Fantastically frugal ideas from readers

This week we took a dip into the bulging oily rag mailbags, and found some fantastically frugal ideas about all sorts of things. Here’s a selection of the ones we liked the most.

Kla from Stratford has this tip for a fresh smelling laundry. “If you add a few drops of essential oils to your load they will come out smelling nice. Also if you use a dryer try adding a couple of drops to a clean rag or face cloth and add to the dryer with your load. That way the smell lasts longer.”

Ann from Matamata has this smell-good idea. “Use left-over perfume or aftershave that no one likes as fabric freshener.”

J.S from Taupo has a way of getting better value from fish meals. “I have found that cooked rice in a fish pie will extend the amount without affecting the flavour or texture of it. Adding turmeric powder will give a nice golden colour and is good for you too.”

There have been lots of helpful tips for a reader who asked for help to clean the underside of an iron which had grown a black sticky residue on its soleplate (which, by the way, is likely to be residue from a build-up of melted synthetic fabrics). Emma from Auckland says, “Nowadays I use a detachable teflon sole plate, not cheap but they last a long time and nothing will stick to them! Before that, I used to do the old ‘salt trick’. Spread a layer of table salt on a sheet of newspaper. Move warm iron back and forth until clean. Discard salt and repeat with clean salt if necessary. Wipe iron on clean, damp cloth, tapping on ironing board to dislodge any salt in the steam holes. Finish by rubbing a candle stub over the plate and iron over clean newspaper until all traces of dirt and grease are gone. Never, ever, use abrasives (like sandpaper) to clean!

Mary G from Auckland has this rather cheeky tip.  Each week Mary helps herself to a few extra free sachets of salt and pepper while frequenting fast food outlets! She says it soon adds up. (So too does the cost of going to the fast food outlets Mary!)

Jan from Whangarei is eggcited about this eggcellent tip. “When you have a few extra eggs freeze them. Just beat a couple together and put in small jar or container and into the freezer. Use for baking or scrambled eggs and particularly useful for Christmas or birthday cakes.”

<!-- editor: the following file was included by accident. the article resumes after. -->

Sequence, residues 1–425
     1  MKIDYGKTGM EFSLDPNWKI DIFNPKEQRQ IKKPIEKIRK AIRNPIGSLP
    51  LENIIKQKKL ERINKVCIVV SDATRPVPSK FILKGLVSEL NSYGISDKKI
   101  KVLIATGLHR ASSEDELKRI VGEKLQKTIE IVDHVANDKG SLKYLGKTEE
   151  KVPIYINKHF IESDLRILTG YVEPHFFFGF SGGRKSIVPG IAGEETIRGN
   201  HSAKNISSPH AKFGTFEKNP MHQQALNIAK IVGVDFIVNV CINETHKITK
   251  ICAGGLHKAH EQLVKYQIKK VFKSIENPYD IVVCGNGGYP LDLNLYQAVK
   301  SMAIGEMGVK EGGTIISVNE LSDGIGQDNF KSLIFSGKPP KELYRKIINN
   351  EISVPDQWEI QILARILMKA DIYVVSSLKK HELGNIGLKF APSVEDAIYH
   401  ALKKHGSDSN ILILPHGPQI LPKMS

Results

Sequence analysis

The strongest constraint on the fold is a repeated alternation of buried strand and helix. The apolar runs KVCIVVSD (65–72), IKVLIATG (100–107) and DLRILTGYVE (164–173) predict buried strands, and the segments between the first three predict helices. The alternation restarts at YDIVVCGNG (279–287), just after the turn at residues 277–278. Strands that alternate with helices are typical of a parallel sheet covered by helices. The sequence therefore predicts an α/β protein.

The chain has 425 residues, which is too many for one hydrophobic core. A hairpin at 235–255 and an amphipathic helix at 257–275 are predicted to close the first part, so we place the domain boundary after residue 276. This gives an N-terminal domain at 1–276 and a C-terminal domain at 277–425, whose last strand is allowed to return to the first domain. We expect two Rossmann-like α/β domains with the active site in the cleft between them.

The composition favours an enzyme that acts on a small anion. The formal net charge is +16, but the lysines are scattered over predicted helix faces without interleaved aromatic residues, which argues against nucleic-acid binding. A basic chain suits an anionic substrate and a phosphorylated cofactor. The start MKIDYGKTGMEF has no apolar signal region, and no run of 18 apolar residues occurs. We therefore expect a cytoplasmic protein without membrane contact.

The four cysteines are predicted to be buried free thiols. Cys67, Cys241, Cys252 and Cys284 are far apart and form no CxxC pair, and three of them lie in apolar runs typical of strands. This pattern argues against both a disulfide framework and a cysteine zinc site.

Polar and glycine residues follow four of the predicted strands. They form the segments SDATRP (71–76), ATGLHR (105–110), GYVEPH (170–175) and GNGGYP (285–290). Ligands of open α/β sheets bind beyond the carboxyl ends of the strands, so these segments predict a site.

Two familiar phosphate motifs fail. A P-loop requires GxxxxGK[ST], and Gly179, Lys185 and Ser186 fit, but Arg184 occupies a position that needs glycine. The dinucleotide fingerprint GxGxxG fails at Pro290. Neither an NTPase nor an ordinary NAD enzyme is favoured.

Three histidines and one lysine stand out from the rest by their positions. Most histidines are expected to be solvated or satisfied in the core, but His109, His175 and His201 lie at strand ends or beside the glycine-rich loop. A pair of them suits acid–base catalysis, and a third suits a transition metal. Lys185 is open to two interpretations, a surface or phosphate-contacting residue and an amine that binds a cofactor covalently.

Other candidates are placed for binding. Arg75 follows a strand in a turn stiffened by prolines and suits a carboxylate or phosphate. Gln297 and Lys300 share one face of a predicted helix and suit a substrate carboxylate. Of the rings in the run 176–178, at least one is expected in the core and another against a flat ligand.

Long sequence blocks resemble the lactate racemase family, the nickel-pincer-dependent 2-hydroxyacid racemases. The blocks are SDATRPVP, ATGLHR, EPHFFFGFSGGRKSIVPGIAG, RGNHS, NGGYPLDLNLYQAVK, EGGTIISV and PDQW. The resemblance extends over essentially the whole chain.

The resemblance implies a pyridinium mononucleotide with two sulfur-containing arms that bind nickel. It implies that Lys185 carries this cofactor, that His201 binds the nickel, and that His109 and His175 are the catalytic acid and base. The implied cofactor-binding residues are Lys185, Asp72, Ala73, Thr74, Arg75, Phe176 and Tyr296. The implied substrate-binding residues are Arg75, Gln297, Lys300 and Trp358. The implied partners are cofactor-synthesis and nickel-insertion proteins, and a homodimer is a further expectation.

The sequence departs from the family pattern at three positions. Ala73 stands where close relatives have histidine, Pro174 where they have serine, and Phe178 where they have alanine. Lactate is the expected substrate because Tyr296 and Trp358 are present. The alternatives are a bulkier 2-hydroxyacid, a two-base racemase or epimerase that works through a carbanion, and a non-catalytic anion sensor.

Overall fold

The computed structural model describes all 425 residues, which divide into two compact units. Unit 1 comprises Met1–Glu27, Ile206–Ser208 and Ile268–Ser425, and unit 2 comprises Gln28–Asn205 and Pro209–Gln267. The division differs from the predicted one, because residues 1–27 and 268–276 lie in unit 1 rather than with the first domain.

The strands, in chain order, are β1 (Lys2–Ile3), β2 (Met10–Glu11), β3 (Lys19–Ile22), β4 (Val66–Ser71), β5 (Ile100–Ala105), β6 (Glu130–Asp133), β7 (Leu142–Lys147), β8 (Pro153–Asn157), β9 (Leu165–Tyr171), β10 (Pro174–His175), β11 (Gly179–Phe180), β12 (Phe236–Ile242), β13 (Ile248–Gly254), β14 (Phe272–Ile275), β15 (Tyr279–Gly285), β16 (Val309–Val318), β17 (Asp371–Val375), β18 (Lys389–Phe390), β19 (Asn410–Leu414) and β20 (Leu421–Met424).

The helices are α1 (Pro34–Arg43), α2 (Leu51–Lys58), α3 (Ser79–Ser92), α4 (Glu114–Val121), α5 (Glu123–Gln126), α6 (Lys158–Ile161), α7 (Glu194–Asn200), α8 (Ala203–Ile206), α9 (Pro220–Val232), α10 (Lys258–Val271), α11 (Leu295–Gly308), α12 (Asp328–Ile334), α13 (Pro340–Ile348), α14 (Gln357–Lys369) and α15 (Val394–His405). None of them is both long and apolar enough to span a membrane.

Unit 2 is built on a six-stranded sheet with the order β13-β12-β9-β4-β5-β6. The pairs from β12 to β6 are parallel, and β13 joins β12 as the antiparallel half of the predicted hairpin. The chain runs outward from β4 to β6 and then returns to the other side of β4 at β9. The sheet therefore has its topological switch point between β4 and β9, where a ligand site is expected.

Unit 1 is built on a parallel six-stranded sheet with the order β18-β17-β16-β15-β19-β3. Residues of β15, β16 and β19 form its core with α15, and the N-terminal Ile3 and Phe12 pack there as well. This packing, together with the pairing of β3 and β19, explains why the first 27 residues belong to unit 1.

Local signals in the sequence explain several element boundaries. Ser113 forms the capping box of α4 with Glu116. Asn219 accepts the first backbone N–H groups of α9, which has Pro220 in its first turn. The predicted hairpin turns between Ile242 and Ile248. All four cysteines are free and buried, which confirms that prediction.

Caroline from Wanganui has this tip to use what most consider a problem in the garden. “Often our favourite chives die down in the winter and we miss that yummy flavour in our meals. So why not use onion weed instead?  It’s a similar but different flavour, yummy yet mild – and prolific in winter. Most people have it in the back yard and treat it as a nuisance weed. Enjoy it in your meals instead. Anywhere you’d use chives, you can use onion weed, finely chopped.  Here’s a few suggestions for a quick winter meal:

  • in scrambled egg or omelette
  • with grilled cheese on toast or in a cheese and onion sandwich – toasted or plain
  • in egg sandwiches
  • in mashed potatoes (with lots of butter and a zap of white or black pepper)
  • on hot toast with avocado and lots of black pepper
  • in scones – add cheese if you like

M.T. from Dunedin has this idea to make starting fires easier. “Blue gum trees shed bark as they grow. Collect, cut into suitable lengths with loppers while moist, allow to dry, and use a few pieces on top of paper. Just as good, if not better, than pine cones!”

We have received great feedback from the column about frugality and home ownership. Many have said “well said”, which was nice, and a few have said they remain of the view that home ownership is an impossible dream. It is impossible if one does not save, and for most, saving means giving up the things we can do without: like smoking, drinking, gambling, flash cars, and so on.  It’s no coincidence that smokers and drinkers are usually the people who have the least money – and for obvious reasons. Save and invest $50 a week and within 14 years a person will have $50k for a house deposit. A couple could do it in 8 years. If people don’t want to give up something to get something then, yes, they will forever have to rely on others to provide their housing.